Sunday, September 28, 2014
Halloween 2014: September 28
The H-Man (1958)
Bijo to ekitai ningen
By 1958, Toho’s first wave of sci-fi/monster movies was still going strong. Perhaps, Ishiro Honda and Eiji Tsubureya wanted to try something different. “The H-Man” features a slimy, gelatinous monster that dissolved its victims upon contact. Though obviously indebted to “The Blob,” Honda and crew put a distinctly Toho style mark on the killer space-slime premise.
The story begins when Misaki, a low-level Yakuza member, disappears mysteriously during a drug drop, only leaving his wet clothes behind. Turns out Misaki was a very wanted man. The police, led by Inspector Tominaga, want to get to the bottom of the drug-deal and his odd vanishing. His girlfriend, lounge singer Chikako Arai, is worried about what’s happened to him. The mob, meanwhile, just want to know where the drugs went. Oddest of all, scientist Masada believes a new organism, mutated by H-bomb test, might be responsible for Misaki’s death. He’s right, of course, and soon Tokyo has to deal with a new problem… The H-Man!
gangsters doing gangster shit, like pulling guns on people or sneaking around, numerous scenes take place in a sleazy nightclub. Go-go dancers in barely-there bikinis shimmy and shake, marking “The H-Man” as edgier than its predecessors. A car chase, awkwardly framed from the backseat, gets tossed in too. When the origin of the monsters are revealed, it leads to scientists hanging out in labs, dryly dissolving frogs, adding an extra-layer of sci-fi. In other words, “The H-Man” is a delightfully diverse movie, throwing all sorts of fun ingredients into the mix.
There’s still room for horror, however. The audience gets our first good look at the titular monsters during a flashback. Two sailors, both badly burned, relate a story. They climbed aboard a derelict ship. Inside, they found empty sets of clothing scattered on the floor. Soon enough, the green slime leaks down from the ceiling, melting whole men into nothing in seconds. Deadly goop crawling on innocent victims is certainly horrific while the shadowy ship provides plenty of atmosphere. The final image during the sequence, the glowing H-Men stepping off the empty boat, is memorably eerie. Later scenes feature surprisingly gory special effects, the blob monsters graphically devouring whole victims on-screen. The finale has the heroine forced through the sewers at gun point, the creeping H-Men always around the corners. While it never quite gets scares, the movie is creepy enough to satisfy this monster kid.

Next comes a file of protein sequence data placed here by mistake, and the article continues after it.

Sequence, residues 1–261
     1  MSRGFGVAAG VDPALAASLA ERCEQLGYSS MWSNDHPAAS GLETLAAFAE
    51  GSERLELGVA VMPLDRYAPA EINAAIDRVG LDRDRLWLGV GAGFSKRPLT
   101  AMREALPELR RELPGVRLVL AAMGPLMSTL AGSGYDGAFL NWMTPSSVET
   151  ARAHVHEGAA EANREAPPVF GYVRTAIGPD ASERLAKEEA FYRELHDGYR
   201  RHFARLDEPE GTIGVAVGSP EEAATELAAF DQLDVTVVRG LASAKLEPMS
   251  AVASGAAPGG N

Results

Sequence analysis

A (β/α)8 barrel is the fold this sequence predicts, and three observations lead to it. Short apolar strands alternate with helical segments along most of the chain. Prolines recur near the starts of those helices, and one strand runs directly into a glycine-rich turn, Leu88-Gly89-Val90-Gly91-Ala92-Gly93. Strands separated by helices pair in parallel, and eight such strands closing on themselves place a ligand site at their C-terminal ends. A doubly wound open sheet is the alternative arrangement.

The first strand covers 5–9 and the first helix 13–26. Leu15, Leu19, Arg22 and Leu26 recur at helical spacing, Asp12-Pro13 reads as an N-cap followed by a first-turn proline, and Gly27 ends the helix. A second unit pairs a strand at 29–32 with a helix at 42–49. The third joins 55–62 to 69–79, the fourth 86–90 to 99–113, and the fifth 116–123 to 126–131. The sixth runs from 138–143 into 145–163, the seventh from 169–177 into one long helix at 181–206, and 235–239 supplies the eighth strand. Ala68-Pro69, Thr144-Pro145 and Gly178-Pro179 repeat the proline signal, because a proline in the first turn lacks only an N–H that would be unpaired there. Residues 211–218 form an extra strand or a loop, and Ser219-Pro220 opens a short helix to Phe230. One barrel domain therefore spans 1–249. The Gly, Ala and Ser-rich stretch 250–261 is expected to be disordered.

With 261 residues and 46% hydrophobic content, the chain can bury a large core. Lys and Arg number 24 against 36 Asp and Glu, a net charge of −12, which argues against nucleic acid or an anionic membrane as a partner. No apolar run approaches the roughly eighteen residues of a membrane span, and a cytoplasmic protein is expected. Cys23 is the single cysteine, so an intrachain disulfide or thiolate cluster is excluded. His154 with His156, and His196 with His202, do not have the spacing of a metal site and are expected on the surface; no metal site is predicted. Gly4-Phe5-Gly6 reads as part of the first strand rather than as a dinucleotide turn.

“The H-Man” is very different from Toho’s other creature features in some ways. In other ways, it’s very typical. Masaru Sato contributes another jazzy score. The blobs are the result of nuclear testing, like always. As usual, the monster shows up at the end to kill off the far more despicable human villain. The shapeless H-Men don’t generate much sympathy, save for the final shot of them crowding together as the sewers go up in flames. As a seemingly large portion of Tokyo burns down, a character monologues about how more H-Men might appear. This recalls the end of “Gojira” but it seems more like a blatant sequel hook this time. Surprisingly, a sequel was never made. However, according to Wikizilla, this film does form the first part of a thematic “mutant” trilogy, along with the perpetually out-of-print “The Human Vapor” and “The Secret of the Telegian,” a movie so obscure I have never heard of it before this very moment. [7/10]
“Gremlins” was a big hit. You wouldn’t expect a film that simultaneously quirky and mean-spirited to become one of the defining smashes of the eighties, but it was. Maybe it was the combination of ever-green Spielberg-ian sap and slimy creature effects, which audiences still had a taste for at the time. Maybe it was because the merchandising machine slapped Gizmo’s face on everything. Any blockbuster is bound to spawn imitators but “Gremlins” seemed especially irresistible to rip-off artists. The most beloved of these would-be little monster epics is “Critters.”